The hepatitis A and B vaccines exist today thanks to another Australian Ian Gust’s distinguished research leadership.
As a medical doctor, epidemiologist, and chief executive of GAVI, I am very excited about the power and potential of immunisation.
Too many parents in this world don’t have easy access to large and efficient hospitals. They live too far away, they don’t have transport, the roads are bad, their sick child may reach the hospital too late, if at all.
Prevention of disease through vaccination really is key. And the parents know it well.
At the GAVI Alliance we believe that every child should have access to life saving vaccines, no matter where he or she is born. These cost-effective life-saving technologies are already saving the lives of more than 2.5 million children every year.
Any child dying from vaccine-preventable disease is an unnecessary death. Yet a child dies of a vaccine-preventable disease every 20 seconds.So we still have more work to do to reach the children who still do receive this opportunity.
But rest assured, Australia is playing its part with funds, expertise and support.
And it’s very good to be here to say THANK YOU.
About the author:
Dr Seth Berkley joined the GAVI Alliance as CEO in August 2011, as it launched its five-year strategy to immunise a quarter of a billion children in the developing world with life-saving vaccines by 2015.
Prior to joining the GAVI Alliance, Seth was the founder, president and CEO for 15 years of the International AIDS Vaccine Initiative (IAVI), the first vaccine product development public-private sector partnership. Under his leadership, IAVI implemented a global advocacy programme that assured that vaccines received prominent attention in the media and in forums such as the G 8, EU and the UN.
He also oversaw the creation of a virtual vaccine product development effort involving industry, academia, and developing country scientists.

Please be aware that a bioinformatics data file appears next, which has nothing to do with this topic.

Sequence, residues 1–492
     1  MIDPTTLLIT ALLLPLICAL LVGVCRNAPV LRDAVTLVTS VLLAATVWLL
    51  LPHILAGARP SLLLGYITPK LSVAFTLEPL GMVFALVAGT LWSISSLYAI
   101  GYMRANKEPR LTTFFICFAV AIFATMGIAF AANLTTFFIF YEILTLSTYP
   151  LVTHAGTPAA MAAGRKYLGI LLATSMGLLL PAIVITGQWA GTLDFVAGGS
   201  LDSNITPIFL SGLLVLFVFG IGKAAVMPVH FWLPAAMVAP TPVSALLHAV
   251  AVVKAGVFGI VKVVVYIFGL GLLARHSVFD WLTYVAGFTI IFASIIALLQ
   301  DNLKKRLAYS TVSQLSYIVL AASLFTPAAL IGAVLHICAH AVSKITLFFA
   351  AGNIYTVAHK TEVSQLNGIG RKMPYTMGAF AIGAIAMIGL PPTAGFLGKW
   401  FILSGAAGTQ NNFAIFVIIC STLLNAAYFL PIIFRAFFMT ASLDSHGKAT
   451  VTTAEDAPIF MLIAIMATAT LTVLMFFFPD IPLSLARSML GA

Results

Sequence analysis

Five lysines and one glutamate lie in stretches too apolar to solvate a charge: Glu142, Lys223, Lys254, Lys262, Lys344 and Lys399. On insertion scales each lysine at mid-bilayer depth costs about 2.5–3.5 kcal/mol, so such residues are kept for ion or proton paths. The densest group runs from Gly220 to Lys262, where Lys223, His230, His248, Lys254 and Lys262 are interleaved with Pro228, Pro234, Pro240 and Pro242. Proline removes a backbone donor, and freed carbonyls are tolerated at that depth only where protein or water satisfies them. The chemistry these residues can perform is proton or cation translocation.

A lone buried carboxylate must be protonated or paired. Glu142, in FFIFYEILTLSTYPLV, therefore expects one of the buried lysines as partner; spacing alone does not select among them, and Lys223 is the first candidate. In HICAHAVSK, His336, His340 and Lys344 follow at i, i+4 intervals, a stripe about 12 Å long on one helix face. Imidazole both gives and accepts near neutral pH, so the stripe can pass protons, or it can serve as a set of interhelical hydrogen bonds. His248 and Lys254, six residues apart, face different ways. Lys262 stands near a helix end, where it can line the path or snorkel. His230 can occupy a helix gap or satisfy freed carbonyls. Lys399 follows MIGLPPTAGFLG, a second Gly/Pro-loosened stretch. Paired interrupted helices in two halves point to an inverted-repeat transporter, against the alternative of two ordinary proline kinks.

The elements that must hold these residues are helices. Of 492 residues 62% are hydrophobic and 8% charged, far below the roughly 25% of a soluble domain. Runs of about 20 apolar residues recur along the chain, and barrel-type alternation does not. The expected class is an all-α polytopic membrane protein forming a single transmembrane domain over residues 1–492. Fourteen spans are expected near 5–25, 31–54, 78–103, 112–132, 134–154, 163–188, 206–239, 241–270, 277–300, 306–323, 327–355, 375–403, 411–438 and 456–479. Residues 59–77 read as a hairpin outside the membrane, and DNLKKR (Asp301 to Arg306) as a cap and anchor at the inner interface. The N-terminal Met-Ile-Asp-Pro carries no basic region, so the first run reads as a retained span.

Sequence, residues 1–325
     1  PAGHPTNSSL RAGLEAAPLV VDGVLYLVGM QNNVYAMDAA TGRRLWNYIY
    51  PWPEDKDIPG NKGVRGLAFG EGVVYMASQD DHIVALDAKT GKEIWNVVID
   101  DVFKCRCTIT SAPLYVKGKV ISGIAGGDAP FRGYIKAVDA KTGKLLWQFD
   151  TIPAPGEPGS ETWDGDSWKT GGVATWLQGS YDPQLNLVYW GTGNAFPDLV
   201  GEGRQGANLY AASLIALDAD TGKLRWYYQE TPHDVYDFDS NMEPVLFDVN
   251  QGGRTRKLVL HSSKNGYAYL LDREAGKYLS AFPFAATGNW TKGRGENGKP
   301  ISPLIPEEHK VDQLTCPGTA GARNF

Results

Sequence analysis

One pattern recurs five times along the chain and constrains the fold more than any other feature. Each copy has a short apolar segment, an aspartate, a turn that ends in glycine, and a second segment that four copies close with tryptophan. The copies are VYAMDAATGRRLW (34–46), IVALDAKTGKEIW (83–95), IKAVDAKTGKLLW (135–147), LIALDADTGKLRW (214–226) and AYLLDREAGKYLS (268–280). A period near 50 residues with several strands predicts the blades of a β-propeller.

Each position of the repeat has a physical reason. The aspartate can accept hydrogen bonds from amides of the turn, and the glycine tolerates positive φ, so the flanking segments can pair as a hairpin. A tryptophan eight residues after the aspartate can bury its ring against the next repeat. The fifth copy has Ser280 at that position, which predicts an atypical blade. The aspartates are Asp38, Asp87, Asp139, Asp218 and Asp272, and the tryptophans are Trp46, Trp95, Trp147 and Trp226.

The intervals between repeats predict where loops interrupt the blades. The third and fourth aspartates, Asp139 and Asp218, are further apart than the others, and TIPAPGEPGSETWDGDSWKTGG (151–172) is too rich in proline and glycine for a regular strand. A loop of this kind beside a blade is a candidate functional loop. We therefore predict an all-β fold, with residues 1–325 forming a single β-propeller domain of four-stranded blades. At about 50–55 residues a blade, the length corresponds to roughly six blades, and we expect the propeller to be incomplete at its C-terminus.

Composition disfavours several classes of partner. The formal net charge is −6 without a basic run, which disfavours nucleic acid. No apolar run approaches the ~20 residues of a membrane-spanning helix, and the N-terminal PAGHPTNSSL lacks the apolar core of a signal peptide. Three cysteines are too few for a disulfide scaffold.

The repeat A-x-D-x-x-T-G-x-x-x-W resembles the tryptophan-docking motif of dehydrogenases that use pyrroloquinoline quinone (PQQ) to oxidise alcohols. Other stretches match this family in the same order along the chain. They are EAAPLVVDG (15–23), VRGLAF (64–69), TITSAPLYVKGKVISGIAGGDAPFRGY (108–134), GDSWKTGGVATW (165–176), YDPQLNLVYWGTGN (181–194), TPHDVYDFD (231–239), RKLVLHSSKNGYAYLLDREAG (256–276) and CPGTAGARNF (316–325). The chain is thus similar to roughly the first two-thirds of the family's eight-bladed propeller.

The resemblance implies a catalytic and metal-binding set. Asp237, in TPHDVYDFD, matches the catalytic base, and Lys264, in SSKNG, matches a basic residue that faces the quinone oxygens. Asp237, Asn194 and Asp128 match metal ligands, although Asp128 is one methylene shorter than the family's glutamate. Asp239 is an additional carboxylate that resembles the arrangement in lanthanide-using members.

Prior to founding IAVI, Seth served as associate director in the Health Sciences Division at The Rockefeller Foundation. He has also worked for the Center for Infectious Diseases of the U.S. Centers for Disease Control and Prevention (CDC), the Massachusetts Department of Public Health and for the Carter Center where he served as an epidemiologist at the Ministry of Health in Uganda.
He has consulted or worked in more than 25 countries in Asia, Africa and Latin America.
Seth sits on a number of international steering committees and corporate and not-for-profit boards, including those of Gilead Sciences, the New York Academy of Sciences and the Acumen Fund.
In the past, he has also served on the boards of public and private vaccine companies such as PowderJect and VaxInnate and health and development organisations such as OXFAM America.
He has been featured on the cover of Newsweek, recognised by TIME magazine as one of the “100 Most Influential People in the World” and by Wired Magazine as among “The Wired 25 – a salute to dreamers, inventors, mavericks and leaders.”
Seth received his undergraduate and medical degrees from Brown University and trained in internal medicine at Harvard University.